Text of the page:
Typical for SRAM, the workmanship and quality is impeccable, despite the use of cheaper materials. Once the gears have been set up correctly, shifting is quiet and precise. Editorial tip: Always use the red template for the B-tension-screw or the chain gap when setting up the drivetrain. If this is not set up correctly from the beginning, all further efforts are useless.

Differences in performance to the more expensive Eagle groupsets are hardly noticeable. Only the cheaper materials on the trigger leave a less high-quality impression when sifting than with the X01 trigger for example. When things get really uncomfortable on the trail, only then will you notice the attention to detail and the thought that has flowed into the design of the chain and the teeth; keeping the chain securely in place over roots and rock gardens, rendering the chain guide all but superfluous.

Regarding durability, we couldn’t find any significant wear in the last 3 months of trail use. High-mileage riders should be particularly pleased with the steel chainring.

NX Eagle 12-speed drivetrain long term review

To be honest, our NX derailleur hasn’t had an easy life in the two years we had it. The dents and scratches from countless stones hitting it and a few harder impacts on the right side of the bike testify to the strain that the rear derailleur has had to endure. Eventually, due to some crashes, the shifting precision deteriorated and the derailleur started ghost shifting. This is due to the rear derailleur getting knocked out around the main bolt that attaches it to the derailleur hanger, developing too much play over time. You can get a spare bolt for just under € 6 which minimizes the play and stops the derailleur from shifting unwantedly. However, Sarah was no longer able to achieve the crisp shifting she enjoyed at the start of the test because a noticeable amount of play remained even with the new bolt. The roller bearing clutch also started wearing out and couldn’t keep the chain as tensioned as it used to. Unfortunately, there is no way of adjusting or servicing it. The condition of the cassette, on the other hand, is encouraging. Although it has accumulated a lot of dirt, it’s still going strong thanks to the steel sprockets. It delivers less range than the other Eagle cassettes, which offer up to 520% gear range with 10 to 52 teeth, but it’s compatible with conventional HG freehub bodies and therefore easy to retrofit.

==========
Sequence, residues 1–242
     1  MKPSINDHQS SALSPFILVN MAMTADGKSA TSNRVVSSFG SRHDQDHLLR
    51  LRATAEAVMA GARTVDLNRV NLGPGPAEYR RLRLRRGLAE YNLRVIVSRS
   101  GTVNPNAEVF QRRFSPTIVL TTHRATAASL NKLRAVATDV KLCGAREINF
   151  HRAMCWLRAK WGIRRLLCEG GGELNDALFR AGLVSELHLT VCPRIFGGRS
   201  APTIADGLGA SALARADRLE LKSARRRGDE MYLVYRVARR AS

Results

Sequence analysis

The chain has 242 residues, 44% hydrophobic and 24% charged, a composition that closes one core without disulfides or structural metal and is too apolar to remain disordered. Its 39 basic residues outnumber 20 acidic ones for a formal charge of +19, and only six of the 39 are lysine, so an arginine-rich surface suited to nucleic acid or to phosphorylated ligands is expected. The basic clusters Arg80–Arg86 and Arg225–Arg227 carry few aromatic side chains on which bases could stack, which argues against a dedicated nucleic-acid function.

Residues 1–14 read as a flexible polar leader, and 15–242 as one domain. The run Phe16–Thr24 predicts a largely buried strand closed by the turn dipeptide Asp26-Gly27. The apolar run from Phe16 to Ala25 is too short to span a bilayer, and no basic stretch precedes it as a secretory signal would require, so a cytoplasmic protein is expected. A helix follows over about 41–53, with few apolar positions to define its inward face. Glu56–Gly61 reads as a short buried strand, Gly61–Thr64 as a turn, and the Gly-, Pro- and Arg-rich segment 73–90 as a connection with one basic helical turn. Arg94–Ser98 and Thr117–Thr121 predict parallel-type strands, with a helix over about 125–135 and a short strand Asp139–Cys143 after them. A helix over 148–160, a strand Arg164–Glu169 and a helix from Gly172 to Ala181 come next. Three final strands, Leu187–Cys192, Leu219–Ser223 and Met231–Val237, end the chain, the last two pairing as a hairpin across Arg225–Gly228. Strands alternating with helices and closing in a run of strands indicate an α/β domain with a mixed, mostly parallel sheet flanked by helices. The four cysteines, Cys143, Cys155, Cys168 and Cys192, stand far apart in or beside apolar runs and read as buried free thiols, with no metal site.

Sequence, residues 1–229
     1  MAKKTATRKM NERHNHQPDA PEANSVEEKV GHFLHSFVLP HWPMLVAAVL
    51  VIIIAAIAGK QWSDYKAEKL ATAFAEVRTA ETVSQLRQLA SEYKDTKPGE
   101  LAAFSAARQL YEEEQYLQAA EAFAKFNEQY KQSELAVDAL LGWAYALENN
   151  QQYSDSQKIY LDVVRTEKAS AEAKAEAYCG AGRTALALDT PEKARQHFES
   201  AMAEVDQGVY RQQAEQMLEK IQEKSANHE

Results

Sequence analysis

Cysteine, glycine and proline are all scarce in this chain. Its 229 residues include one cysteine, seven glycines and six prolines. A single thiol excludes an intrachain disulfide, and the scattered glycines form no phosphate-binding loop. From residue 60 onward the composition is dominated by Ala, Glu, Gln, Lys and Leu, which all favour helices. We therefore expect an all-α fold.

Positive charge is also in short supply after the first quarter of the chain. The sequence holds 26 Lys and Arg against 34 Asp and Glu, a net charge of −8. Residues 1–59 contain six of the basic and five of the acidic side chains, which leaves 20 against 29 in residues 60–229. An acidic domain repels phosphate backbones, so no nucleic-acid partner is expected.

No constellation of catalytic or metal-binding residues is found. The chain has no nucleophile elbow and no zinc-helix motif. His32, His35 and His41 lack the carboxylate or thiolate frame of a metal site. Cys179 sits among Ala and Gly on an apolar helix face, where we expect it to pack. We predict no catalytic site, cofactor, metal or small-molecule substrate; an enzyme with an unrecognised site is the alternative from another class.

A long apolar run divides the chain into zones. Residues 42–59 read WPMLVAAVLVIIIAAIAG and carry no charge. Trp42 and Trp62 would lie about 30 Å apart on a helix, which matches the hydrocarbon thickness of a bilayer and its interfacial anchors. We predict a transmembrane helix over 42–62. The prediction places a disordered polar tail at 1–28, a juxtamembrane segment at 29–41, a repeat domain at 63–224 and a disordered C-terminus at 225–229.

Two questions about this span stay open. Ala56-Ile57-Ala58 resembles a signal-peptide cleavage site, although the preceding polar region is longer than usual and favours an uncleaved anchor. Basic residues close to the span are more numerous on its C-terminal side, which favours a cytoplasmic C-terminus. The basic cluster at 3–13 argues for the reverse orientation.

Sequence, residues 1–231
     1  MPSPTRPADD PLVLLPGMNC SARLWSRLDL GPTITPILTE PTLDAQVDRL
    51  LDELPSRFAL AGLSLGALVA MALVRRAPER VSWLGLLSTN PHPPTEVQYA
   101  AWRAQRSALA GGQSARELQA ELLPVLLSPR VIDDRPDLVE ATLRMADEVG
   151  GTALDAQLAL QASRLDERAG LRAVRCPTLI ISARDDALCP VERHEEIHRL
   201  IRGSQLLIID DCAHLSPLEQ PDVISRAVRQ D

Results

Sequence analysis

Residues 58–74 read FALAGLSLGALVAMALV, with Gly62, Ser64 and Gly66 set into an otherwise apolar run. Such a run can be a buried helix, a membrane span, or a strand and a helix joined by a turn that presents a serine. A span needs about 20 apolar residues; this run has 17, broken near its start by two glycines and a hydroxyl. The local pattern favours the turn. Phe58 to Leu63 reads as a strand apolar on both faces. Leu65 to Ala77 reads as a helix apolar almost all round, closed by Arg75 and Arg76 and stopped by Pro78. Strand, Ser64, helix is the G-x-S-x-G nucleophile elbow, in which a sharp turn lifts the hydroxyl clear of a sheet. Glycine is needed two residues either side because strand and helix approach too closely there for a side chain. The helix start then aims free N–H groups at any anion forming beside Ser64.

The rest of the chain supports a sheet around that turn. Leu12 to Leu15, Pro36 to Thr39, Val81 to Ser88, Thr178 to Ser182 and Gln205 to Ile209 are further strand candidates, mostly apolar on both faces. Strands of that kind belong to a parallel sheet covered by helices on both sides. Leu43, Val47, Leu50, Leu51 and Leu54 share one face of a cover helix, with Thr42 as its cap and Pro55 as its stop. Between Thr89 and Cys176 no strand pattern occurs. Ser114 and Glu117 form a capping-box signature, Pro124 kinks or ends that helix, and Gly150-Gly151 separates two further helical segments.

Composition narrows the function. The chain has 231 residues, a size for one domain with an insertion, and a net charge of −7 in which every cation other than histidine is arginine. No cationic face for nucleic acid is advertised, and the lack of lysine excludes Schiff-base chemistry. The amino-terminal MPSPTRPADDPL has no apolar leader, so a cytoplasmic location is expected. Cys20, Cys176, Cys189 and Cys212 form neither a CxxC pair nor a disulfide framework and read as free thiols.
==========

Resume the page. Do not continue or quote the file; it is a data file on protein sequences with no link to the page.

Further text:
King of compatibility
The NX cassette doesn’t require SRAM’s XD freewheel, allowing you to make the upgrade even if you’ve got the standard HG freewheel that is prevalent on older bikes. If you’ve already got an XD freewheel, you can upgrade to the slightly more expensive GX cassette.

After two years, Sarah is retiring her NX Eagle derailleur and has to replace it with a new one. Sure, that sounds like relatively quick wear and tear, but considering the numerous hard knocks that the derailleur has had to endure and the fair price of € 119 for the replacement, that’s absolutely fine. This is exactly where the strength of the NX Eagle groupset lies, because even though derailleurs aren’t subject to significant wear and tear during normal use, the stresses of alpine terrain will break them sooner or later. Replacing it is quick and, above all, inexpensive.

Our tip: Combine your SRAM NX Eagle with a GX cassette to get the full 500% and still save money. Those looking to upgrade their 1×11 drivetrain can keep their cranks and simply retrofit the Eagle chainring, as long as the crank is Direct-Mount compatible.

SRAM NX-Eagle Conclusion

When it comes to high performance at a low price, SRAM’s NX Eagle is unbeatable. No, it doesn’t provide the most crisp shifting or the best feel of all SRAM groupsets. But it also costs a fraction of the flagship components. If something breaks or wears out, you won’t have to go increase your overdraft facility. On top of that, due to its compatibility, it makes it easy to upgrade older bikes.


  • excellent value for money
  • good compatibility (freehub body)
  • the steel sprockets/chainrings are very durable


  • heavy cassette
  • less gear range than the GX and co.
  • clutch isn't adjustable

More information can be found at sram.com